One approach to organizing projects is to simply manage them within the existing functional organizational structure hierarchy of the organization. Once management decides to implement a project, the different segments of the project are delegated to the respective functional units with each unit responsible for completing its segment of the project (see figure below).
Coordination is maintained through normal management channels. For example, a tool manufacturing firm decides to differentiate its product line by offering a series of tools specially designed for left-handed individuals.
Top management decides to implement the project, and different segments of the project are distributed to appropriate areas. The industrial design department is responsible for modifying specifications to conform to the needs of left-handed users. The production department is responsible for devising the means for producing new tools according to these new design specifications.
The marketing department is responsible for gauging demand and price as well as identifying distribution outlets. The overall project will be managed within the normal hierarchy, with the project being part of the working agenda of top management.
The functional organizational structure is also commonly used when, given the nature of the project, one functional area plays a dominant role in completing the project or has a dominant interest in the success of the project. Under these circumstances, a high-ranking manager in that area is given the responsibility of coordinating the project.
For example, the transfer of equipment and personnel to a new office would be managed by a top-ranking manager in the firm’s facilities department. Likewise, a project involving the upgrading of the management information system would be managed by the information systems department. In both cases, most of the project work would be done within the specified department and coordination with other departments would occur through normal channels.
Functional Organizational Structure Strengths
There are advantages and disadvantages for using the existing functional organizational structure to administer and complete projects. The major advantages are the following:
No Change. Projects are completed within the basic functional structure of the parent organization. There is no radical alteration in the design and operation of the parent organization.
Flexibility. There is maximum flexibility in the use of staff. Appropriate specialists in different functional units can temporarily be assigned to work on the project and then return to their normal work. With a broad base of technical personnel available within each functional department, people can be switched among different projects with relative ease.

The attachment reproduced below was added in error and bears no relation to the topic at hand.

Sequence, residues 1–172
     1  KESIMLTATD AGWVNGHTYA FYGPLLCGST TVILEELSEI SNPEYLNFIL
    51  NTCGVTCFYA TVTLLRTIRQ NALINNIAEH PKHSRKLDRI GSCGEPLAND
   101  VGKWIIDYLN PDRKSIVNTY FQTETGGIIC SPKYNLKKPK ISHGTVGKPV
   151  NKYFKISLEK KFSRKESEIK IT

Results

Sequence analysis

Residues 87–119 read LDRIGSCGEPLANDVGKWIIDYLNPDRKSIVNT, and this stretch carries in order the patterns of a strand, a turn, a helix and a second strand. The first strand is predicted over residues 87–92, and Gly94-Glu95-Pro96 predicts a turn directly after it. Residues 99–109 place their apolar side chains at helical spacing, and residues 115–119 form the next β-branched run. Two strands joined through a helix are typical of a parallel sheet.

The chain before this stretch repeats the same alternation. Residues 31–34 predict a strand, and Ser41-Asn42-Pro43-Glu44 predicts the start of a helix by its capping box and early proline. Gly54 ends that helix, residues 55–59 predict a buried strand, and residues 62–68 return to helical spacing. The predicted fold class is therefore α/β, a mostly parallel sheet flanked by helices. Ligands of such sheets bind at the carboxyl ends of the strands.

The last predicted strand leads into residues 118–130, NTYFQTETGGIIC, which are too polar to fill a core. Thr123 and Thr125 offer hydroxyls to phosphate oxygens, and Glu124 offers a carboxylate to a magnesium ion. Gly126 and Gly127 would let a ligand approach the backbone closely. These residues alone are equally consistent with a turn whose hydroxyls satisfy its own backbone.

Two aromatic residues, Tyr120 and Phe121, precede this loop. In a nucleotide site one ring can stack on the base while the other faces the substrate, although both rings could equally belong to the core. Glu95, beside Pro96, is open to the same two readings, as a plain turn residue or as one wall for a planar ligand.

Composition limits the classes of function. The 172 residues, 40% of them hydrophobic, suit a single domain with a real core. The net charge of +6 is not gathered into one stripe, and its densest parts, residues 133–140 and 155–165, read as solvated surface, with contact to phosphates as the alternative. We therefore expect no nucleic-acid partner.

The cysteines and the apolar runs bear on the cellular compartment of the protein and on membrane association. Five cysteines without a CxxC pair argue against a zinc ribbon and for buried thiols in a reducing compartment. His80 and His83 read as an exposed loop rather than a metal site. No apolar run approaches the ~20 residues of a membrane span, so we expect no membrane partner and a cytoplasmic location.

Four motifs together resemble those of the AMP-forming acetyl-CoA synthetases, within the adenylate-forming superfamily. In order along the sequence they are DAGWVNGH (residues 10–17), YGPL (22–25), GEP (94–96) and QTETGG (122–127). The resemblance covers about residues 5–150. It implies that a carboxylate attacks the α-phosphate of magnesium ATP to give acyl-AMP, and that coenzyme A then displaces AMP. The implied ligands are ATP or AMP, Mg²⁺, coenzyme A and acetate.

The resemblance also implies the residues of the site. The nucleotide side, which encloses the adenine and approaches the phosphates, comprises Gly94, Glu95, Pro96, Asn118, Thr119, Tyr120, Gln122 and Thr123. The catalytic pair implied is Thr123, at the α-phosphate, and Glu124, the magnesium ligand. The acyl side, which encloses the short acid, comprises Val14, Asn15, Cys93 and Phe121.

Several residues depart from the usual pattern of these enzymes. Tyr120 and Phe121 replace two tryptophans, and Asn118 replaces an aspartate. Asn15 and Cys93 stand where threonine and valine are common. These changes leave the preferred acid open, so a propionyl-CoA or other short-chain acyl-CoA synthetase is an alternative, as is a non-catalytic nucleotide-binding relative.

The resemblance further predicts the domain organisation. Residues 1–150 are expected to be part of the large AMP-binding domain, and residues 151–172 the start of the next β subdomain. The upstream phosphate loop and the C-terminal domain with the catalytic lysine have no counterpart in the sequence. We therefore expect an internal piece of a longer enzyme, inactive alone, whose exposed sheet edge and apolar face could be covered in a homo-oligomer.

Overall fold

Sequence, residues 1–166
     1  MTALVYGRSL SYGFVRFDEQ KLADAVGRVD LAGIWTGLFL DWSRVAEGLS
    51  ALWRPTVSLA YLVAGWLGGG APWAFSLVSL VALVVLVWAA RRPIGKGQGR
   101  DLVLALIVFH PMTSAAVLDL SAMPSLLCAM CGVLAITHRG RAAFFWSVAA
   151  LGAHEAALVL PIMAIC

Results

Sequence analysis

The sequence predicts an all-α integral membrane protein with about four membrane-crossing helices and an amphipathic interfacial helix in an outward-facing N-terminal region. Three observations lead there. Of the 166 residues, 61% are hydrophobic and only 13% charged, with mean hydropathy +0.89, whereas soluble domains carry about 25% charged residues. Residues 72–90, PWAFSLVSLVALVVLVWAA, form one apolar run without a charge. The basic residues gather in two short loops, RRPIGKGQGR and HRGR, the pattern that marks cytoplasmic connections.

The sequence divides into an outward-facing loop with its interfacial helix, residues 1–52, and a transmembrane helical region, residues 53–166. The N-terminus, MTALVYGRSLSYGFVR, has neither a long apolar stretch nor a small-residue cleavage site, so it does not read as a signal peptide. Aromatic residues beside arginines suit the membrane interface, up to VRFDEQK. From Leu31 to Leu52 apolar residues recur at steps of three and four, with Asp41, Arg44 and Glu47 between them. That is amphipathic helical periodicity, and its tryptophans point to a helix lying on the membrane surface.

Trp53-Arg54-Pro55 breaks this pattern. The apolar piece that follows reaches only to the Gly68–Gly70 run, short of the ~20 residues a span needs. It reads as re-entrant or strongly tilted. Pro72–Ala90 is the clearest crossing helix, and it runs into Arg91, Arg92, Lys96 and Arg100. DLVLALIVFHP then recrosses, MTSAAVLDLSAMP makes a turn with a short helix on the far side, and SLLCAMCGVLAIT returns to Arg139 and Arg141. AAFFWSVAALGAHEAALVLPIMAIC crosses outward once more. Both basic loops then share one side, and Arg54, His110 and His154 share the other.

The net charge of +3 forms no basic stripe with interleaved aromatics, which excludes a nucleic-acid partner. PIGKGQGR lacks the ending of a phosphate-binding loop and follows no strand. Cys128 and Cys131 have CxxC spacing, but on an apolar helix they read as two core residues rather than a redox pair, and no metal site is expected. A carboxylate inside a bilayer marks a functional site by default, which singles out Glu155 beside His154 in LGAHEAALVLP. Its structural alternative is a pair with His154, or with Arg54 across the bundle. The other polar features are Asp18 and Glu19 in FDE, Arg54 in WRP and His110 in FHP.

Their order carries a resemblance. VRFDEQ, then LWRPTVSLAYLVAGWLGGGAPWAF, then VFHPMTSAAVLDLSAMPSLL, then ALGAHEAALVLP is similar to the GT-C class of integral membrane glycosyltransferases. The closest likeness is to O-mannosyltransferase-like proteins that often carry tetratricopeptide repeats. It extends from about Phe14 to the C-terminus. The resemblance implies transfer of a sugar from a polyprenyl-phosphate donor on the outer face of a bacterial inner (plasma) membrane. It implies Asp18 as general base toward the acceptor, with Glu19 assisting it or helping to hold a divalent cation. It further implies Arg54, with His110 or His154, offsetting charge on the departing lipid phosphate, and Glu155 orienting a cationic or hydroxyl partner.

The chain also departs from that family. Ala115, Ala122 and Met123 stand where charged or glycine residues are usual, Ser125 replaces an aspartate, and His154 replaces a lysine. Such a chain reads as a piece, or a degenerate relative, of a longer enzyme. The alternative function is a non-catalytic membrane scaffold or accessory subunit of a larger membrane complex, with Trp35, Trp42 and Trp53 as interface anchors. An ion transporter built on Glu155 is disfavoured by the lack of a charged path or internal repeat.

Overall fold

In-Depth Expertise. If the scope of the project is narrow and the proper functional unit is assigned primary responsibility, then in-depth expertise can be brought to bear on the most crucial aspects of the project.
Easy Post-Project Transition. Normal career paths within a functional division are maintained. While specialists can make significant contributions to projects, their functional field is their professional home and the focus of their professional growth and advancement.
Functional Organizational Structure Weaknesses
Just as there are advantages for organizing projects within the existing functional organizational structure, there are also disadvantages. These disadvantages are particularly pronounced when the scope of the project is broad and one functional department does not take the dominant technological and managerial lead on the project:
Lack of Focus. Each functional unit has its own core routine work to do; sometimes project responsibilities get pushed aside to meet primary obligations. This difficulty is compounded when the project has different priorities for different units. For example, the marketing department may consider the project urgent while the operations people considered it only of secondary importance. Imagine the tension if the marketing people have to wait for the operations people to complete their segment of the project before they proceed.
Poor Integration. There may be poor integration across functional units. Functional specialists tend to be concerned only with their segment of the project and not with what is best for the total project.
Slow. It generally takes longer to complete projects through this functional organizational structure. This is in part attributable to slow response time—project information and decisions have to be circulated through normal management channels. Furthermore, the lack of horizontal, direct communication among functional groups contributes to rework as specialists realize the implications of others’ actions after the fact.
Lack of Ownership. The motivation of people assigned to the project can be weak. The project may be seen as an additional burden that is not directly linked to their professional development or advancement. Furthermore, because they are working on only a segment of the project, professionals do not identify with the project. Lack of ownership discourages strong commitment to project-related activities.